What is a Bitcoin worth?

Thomas Belsham in Bank Underground:

The price of Bitcoin is currently around $57,000 (see Chart 1). But what is the price of Bitcoin based on? It’s just a bunch of code that exists only in cyberspace. It’s not backed by the state. There’s no recourse to a central authority. There’s no underlying asset, no stream of income. There’s just the thing itself. But does that mean it has no inherent worth? The code on which Bitcoin is based does give it scarcity value. Only 21 million Bitcoin will ever be created. And that might be worth something. That scarcity is why some people refer to Bitcoin as ‘digital gold’. But the very scarcity on which Bitcoin is based might also be its undoing. Its scarcity may even, ultimately, render Bitcoin worthless.

Chart 1: Bitcoin price in US dollars

Source: Blockchain.com

Satoshi Nakamoto said in his/her/their (the creator or creators remain anonymous) canonical paper, ‘Bitcoin: A Peer-to-Peer Electronic Cash System’, that ‘a peer-to-peer version of electronic cash would allow online payments to be sent directly from one party to another without going through a financial institution’. This was the driving force behind Bitcoin: create a payments system outside of the existing official financial architecture – a form of digital money, with no official entity standing behind it, just the strength of the underlying computer code.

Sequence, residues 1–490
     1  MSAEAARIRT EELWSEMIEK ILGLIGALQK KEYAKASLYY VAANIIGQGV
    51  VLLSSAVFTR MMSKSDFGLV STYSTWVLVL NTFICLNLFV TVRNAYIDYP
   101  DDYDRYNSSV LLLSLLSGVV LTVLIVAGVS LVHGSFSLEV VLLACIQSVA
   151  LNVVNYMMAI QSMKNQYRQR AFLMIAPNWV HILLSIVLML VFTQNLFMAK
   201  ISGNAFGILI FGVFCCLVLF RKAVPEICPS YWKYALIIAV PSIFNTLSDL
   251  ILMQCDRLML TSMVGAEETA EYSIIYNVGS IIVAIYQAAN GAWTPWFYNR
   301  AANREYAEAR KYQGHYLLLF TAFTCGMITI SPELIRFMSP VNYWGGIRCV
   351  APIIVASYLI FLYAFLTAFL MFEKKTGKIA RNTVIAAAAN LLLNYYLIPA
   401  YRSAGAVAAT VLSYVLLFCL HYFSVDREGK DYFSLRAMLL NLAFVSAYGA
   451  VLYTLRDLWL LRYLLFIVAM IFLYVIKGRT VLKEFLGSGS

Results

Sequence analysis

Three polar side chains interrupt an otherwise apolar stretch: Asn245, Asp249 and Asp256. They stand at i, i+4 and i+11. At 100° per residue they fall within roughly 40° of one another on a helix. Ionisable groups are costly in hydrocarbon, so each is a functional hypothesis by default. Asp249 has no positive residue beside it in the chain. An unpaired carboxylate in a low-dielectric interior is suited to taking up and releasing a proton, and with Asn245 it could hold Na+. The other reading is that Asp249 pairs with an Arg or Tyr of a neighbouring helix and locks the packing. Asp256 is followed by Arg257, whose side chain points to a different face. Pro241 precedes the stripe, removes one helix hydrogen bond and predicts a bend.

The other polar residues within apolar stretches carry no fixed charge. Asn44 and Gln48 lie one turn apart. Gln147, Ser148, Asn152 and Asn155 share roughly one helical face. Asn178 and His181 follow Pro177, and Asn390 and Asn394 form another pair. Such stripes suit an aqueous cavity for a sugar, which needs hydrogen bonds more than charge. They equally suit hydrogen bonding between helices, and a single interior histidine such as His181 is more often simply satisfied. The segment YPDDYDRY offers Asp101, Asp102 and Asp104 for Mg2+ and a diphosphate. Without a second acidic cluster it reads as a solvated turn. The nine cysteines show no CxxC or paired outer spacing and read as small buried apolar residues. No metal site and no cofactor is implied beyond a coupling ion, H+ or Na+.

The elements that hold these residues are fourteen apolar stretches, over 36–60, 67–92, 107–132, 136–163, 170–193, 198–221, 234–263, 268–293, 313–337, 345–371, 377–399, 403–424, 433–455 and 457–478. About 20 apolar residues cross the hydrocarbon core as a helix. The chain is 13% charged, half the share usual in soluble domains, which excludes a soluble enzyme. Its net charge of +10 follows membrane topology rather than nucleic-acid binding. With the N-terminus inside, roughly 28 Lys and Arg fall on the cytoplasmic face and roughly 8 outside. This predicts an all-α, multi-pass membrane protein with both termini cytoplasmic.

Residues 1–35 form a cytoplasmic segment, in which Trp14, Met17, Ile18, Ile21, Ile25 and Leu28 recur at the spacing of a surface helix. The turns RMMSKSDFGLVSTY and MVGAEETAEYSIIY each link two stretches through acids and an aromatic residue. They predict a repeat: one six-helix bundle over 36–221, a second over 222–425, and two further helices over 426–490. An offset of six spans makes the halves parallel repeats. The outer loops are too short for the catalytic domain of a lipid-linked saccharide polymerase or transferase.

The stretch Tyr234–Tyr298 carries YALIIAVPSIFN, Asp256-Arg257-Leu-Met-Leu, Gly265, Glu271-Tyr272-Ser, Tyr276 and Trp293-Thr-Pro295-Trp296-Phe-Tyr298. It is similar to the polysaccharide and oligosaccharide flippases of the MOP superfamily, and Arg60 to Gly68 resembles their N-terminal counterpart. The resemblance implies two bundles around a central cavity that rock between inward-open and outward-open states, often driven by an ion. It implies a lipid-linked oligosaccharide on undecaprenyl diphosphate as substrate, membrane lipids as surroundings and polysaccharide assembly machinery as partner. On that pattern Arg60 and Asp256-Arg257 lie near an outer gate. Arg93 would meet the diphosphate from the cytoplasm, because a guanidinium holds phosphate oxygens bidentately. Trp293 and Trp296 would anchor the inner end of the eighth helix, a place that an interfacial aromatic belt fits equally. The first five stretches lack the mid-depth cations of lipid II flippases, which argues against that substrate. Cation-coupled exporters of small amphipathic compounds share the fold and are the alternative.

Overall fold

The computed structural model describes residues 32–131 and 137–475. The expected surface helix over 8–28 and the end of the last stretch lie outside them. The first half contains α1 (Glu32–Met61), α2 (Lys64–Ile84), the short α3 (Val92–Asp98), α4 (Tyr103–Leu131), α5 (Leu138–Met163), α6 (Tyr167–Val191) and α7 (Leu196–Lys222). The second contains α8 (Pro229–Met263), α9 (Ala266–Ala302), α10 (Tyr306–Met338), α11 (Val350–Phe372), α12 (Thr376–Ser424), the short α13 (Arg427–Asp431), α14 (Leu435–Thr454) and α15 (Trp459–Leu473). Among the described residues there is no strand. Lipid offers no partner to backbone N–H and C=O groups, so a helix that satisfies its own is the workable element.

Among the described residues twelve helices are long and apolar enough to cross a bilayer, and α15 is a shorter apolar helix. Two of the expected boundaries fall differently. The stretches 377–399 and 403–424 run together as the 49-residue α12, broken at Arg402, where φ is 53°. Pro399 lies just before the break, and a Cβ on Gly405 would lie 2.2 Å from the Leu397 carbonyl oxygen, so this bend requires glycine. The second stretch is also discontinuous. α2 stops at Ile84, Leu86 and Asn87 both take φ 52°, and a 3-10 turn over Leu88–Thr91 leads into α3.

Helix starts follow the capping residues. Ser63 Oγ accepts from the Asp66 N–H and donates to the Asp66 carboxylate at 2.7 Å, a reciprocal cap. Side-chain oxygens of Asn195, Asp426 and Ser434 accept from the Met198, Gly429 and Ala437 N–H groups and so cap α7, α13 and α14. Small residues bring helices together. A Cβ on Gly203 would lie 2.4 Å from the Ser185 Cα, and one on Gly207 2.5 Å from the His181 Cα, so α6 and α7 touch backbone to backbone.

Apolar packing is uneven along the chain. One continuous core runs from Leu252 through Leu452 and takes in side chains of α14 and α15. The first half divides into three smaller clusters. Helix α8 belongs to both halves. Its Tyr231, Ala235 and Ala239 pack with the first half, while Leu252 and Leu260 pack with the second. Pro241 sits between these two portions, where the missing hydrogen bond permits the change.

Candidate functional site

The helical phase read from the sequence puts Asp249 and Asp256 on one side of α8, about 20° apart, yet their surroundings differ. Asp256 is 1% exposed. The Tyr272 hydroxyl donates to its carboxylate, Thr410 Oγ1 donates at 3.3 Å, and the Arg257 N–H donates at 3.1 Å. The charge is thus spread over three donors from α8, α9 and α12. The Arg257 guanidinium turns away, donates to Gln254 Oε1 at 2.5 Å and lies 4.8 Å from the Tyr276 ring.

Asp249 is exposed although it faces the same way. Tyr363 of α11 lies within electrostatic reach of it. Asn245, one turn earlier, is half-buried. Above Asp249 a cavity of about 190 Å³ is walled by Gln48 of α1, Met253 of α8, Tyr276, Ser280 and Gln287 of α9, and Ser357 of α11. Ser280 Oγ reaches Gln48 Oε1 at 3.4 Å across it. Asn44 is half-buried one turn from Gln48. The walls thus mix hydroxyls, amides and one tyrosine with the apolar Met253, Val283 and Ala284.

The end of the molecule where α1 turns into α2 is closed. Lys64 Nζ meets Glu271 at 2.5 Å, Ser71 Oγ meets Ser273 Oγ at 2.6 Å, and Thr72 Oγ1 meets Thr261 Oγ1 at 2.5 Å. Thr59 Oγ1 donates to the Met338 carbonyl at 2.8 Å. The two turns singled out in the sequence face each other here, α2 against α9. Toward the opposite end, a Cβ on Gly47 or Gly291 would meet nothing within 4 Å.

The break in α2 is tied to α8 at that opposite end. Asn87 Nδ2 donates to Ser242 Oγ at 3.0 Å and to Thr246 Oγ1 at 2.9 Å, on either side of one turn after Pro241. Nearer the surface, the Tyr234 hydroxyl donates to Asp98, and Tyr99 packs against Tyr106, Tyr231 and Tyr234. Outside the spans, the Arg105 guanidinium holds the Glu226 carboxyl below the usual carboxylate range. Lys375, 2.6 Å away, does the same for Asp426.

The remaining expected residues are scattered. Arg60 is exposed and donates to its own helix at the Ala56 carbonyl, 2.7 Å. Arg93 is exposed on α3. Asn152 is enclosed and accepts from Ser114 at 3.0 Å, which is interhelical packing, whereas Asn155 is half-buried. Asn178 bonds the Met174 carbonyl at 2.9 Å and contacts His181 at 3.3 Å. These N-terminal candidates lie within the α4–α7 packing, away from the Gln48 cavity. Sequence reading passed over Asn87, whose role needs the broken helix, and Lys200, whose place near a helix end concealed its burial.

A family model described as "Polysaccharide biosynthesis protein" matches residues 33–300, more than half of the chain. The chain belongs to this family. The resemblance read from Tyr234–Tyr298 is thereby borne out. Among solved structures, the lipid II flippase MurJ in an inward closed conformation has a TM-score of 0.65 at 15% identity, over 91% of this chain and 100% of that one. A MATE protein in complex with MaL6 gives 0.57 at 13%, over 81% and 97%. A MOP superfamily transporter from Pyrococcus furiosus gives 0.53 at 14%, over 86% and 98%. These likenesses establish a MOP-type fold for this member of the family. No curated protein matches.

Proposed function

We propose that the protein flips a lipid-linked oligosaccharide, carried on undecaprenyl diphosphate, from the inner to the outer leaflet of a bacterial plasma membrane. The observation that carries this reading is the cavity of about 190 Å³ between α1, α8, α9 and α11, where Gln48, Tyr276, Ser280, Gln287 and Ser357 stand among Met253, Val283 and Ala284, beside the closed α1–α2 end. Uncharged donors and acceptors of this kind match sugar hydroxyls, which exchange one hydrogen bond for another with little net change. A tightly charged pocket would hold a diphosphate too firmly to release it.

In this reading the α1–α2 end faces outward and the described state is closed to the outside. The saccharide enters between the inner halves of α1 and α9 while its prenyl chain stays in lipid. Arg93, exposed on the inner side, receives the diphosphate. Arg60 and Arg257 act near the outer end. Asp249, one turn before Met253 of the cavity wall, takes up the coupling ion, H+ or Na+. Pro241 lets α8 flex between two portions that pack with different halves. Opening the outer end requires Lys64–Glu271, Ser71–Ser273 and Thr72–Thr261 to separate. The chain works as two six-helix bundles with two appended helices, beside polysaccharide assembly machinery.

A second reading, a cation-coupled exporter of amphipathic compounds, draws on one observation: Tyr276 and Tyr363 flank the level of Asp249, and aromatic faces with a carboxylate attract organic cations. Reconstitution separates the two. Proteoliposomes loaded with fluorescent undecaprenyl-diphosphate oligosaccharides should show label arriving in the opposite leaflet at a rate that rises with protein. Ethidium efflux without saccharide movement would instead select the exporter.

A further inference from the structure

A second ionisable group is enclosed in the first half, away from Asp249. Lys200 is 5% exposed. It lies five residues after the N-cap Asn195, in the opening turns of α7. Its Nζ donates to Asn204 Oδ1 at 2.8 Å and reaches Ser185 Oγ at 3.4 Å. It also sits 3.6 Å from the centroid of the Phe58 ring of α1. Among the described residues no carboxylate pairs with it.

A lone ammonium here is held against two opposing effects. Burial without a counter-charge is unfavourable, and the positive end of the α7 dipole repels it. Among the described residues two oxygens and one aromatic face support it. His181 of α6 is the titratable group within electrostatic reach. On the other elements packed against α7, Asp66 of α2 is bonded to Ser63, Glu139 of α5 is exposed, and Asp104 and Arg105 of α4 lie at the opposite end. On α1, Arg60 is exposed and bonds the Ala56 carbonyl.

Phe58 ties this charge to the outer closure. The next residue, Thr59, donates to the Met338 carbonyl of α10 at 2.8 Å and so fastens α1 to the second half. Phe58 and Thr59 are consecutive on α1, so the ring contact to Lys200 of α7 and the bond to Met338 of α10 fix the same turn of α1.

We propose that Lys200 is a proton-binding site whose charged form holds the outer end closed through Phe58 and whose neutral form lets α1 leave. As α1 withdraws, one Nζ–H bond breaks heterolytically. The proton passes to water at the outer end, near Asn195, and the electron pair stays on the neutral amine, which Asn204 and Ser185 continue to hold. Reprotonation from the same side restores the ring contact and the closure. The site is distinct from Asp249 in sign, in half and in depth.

Now, so far, Bitcoin has not performed well as money. Quick recap: money issued by central banks, fiat money, acts as a ‘store of value’ – it preserves the spending power of income and wealth, so that you can be confident that a pound, say, will buy about as much in a year’s time as it would today. It’s also a medium of exchange – you can use it as payment. And, largely by dint of satisfying those two criteria, the denomination of money – be it in the form of dollars, pounds, seashells, whatever – tends also to be used as a unit of account (a means of pricing other things in general).

More here.